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I believe no one will deny the fact that AMD is hopelessly behind Intel in microarchitecture development. K10 (Stars) microarchitecture that the company has been exploiting for the past several years doesn’t allow AMD to successfully compete against Intel in the upper market segment for a long time already. Therefore, the only way for AMD is to succeed in the lower market segment. Luckily, the development and production of Phenom II and Athlon II processors with 45 nm cores allowed AMD to lower the production costs of their solutions in time and make it possible for extremely affordable processors with more than two cores to appear in the market.

Not so long ago we reviewed a few of the first AMD solutions like that – Athlon II X4 quad-core processor family, with the junior models selling for no more than $100. These CPUs made a pretty good impression, especially in terms of price-to-performance. Today AMD went even further and announced even cheaper multi-core CPUs. Triple-core newcomers from Athlon II X3 series will be available for $70-$90.

Frankly speaking, Athlon II X3 are in a way unique processors because neither AMD nor Intel have any other solutions like that. Only these CPUs have more than two cores but at the same time are extremely affordable. These particular features will make Athlon II X3 a pretty demanded solution. Multi-threaded applications become more and more popular. Today even games may benefit from an extra processor core in your system, not to mention numerous programs for work with media content that are becoming wider spread among home users. In response to this tendency AMD decided to offer a suitable hardware platform at a democratic price.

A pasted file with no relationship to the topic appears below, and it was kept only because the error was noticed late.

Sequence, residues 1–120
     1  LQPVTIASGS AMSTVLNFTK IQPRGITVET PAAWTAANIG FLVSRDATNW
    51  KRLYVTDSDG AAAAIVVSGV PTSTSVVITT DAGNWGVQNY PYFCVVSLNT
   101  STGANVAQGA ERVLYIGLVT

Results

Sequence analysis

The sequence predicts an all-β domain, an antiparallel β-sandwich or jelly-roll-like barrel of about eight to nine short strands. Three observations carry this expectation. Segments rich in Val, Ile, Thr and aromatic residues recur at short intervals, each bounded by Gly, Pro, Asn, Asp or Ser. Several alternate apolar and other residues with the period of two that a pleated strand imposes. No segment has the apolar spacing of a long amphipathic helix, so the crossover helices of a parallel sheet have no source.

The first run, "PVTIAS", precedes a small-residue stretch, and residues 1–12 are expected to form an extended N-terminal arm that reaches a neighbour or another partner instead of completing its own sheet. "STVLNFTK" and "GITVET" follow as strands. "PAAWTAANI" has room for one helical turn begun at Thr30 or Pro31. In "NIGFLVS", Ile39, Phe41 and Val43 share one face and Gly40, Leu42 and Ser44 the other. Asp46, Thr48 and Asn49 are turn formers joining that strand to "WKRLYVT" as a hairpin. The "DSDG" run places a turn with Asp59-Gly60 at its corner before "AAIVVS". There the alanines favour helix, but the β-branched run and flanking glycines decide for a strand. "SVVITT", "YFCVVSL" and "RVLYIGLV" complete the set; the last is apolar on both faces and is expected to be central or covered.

So, Athlon II X3 processors look like a very good and, most importantly, timely solution, which we have every right to recommend to those users who work with resource-hungry software applications and value the advantages of multi-core architectures. Of course, new triple-core processors have a few drawbacks. They have relatively high power consumption and in some applications run even slower than the dual-core Intel CPUs with the same price point. But keeping in mind the uniqueness of Athlon II X3 CPUs, we can overlook these issues, especially since the new triple-core processors do boast a few hidden advantages, too. For example, they overclock very well and in some cases even allow unlocking the fourth core. In other words, Athlon II X3 is a great CPU for economical enthusiasts.

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